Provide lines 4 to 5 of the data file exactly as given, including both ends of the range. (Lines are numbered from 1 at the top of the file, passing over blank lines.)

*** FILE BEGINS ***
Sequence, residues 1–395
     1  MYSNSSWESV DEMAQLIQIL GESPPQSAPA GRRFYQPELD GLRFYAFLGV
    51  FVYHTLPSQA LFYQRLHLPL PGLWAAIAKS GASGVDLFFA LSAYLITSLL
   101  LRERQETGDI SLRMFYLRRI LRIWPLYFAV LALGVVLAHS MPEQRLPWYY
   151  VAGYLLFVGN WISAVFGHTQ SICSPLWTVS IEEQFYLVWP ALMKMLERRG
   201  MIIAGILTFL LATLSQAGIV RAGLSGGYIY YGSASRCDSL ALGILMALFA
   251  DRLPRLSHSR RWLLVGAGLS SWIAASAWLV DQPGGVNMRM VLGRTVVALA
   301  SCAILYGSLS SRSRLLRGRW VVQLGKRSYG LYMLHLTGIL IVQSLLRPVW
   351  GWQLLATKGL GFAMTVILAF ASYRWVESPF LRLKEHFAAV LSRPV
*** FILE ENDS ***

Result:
   101  LRERQETGDI SLRMFYLRRI LRIWPLYFAV LALGVVLAHS MPEQRLPWYY
   151  VAGYLLFVGN WISAVFGHTQ SICSPLWTVS IEEQFYLVWP ALMKMLERRG